Wheels Coming Off Smart Grid as PG&E Smart Meters Explode/ Burn/ Smoulder in Stockton, CA After Crash Causes Surge

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STOCKTON, CA — Numerous media outlets are reporting that an inebriated driver in Stockton hit a pole yesterday, causing a powerful electrical surge that led dozens of “smart meters” to explode or catch fire.

Excerpt from the Stockton Record on the exploding smart meters:

“Stockton fire Capt. Bryan Carr with Engine 6, one of several fire crews dispatched Monday morning as dozens of electric customers began reporting explosions, smoke or the smell of burning wires, described the scene as “unreal” when his engine pulled onto Fairbury Lane, a residential street in southeast Stockton. Expecting to pull up to a specific address, Carr’s crew was greeted by a number of residents out on the street wondering why his engine wasn’t stopping at their house.
In some cases, meters were literally blown off the panels. People described it as hearing a whirring sound like the meter was speeding up, then like an explosion. Some of the meters weren’t blown off, but they were fried and the glass was gone,” Carr said.”

stockton smeter 12 cbsThis is not the first time that smart meters have shown their vulnerability to electrical surges.  In September 2011, a surge in East Palo Alto, California caused dozens of smart meters to fail. Despite this and hundreds of other incidents involving fire including where people have died, the California Public Utilities Commission has not even officially looked into the matter much less taken action to protect public safety.  Utilities around the world continue to deny any problem exists and have been seizing meters involved in fires before fire investigators have a chance to do their work, drawing public protests from Quebec’s firefighters.

A smart meter face is left dangling in Stockton after numerous meters explode or catch of fire after a surge.It has been widely recognized that smart meters – with their plastic housing and complex circuitry- are more vulnerable to fire and heat than traditional electromechanical analog meters, built solidly of glass and metal. Many utility industry observers have said they could not recollect past surges damaging analog meters the way that smart meter have been affected.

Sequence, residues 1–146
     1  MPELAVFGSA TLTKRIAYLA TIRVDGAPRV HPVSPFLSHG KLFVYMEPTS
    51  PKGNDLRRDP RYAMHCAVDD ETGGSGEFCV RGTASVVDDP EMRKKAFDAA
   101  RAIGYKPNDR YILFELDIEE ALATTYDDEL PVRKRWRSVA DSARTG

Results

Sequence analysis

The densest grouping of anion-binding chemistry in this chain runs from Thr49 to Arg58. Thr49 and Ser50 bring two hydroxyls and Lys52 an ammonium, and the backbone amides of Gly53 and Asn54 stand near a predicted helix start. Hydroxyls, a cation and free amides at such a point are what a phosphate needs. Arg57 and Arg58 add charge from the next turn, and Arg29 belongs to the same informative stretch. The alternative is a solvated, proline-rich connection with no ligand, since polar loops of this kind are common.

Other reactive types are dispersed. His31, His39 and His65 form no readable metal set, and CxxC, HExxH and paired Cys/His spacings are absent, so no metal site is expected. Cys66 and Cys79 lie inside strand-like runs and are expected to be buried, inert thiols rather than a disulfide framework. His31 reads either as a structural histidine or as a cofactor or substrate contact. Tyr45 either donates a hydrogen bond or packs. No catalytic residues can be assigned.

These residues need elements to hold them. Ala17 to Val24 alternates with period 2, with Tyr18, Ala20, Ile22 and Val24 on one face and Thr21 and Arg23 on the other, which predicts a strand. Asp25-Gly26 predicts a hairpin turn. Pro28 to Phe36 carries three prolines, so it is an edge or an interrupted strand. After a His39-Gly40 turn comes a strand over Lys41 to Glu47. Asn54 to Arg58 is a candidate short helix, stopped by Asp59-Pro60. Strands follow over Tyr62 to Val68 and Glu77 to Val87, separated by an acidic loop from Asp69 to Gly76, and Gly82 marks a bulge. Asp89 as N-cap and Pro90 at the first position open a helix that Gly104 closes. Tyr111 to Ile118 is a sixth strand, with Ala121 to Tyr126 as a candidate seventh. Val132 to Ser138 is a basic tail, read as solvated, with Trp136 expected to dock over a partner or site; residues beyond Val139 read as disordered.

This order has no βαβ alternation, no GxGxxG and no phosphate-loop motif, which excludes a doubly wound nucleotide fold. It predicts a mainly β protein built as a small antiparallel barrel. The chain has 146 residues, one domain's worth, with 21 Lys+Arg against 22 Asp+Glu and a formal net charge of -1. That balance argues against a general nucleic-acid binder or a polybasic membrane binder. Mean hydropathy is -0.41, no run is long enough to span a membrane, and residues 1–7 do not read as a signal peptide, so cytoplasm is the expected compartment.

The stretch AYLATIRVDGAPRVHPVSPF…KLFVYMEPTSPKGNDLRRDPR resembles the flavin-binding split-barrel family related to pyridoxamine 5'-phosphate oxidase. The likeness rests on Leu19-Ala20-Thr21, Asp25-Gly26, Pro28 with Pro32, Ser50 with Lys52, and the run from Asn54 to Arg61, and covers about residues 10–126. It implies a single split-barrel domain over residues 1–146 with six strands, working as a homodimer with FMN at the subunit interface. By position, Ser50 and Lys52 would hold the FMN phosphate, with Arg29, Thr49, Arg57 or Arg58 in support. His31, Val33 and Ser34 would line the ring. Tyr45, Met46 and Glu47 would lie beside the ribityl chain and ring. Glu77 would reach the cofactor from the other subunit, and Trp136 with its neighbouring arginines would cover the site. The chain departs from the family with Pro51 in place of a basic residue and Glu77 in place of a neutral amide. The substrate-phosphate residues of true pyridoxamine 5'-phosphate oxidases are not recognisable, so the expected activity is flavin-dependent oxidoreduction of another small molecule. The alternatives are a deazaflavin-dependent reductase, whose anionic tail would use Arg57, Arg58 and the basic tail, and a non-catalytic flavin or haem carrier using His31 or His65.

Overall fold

Utilities are seeking to collect money for the “privilege” of using an analog meter- or even worse- in some areas- attempt to forbid their use entirely.  Will ratepayers foot the bill to replace these $500+ smart meters every time there are surges in the network and they start popping like corn again?

stockton smeter 02 kcraThe condition of analog meters in Stockton is not known.  If you are in the area and have reports, please comment below.

More coverage:       News 10        KCRA

This entry was posted in California, Fires, PG&E, Smart Grid. Bookmark the permalink.

7 Responses to Wheels Coming Off Smart Grid as PG&E Smart Meters Explode/ Burn/ Smoulder in Stockton, CA After Crash Causes Surge

  1. Ethernet, Analog is faster and sustainable. smart grid tipping point. says:

    This whole “smart grid” is getting out of control. And “wi-fi” “wireless” technology
    unchecked in public, hotels, airports, schools (little kids exposed to wireless – ipads, iphones to kids like candy??), colleges, cafes, etc …

    “Smart” meters = bankruptcy, lawsuits, fires and death.

    • This is an interesting case for me since I worked on the line crews and as a high voltage cable-splicer for Seattle City Light. With the old system there is an automatic relay that cuts off the power from the damaged line (highest voltage transmission line) to the substation until it can be fixed. If it is a secondary line (lower voltage distribution line) the transformer has a fuse that blows and shuts off the power before the surge would reach homes, etc. With the wireless technology I guess this is what happens now.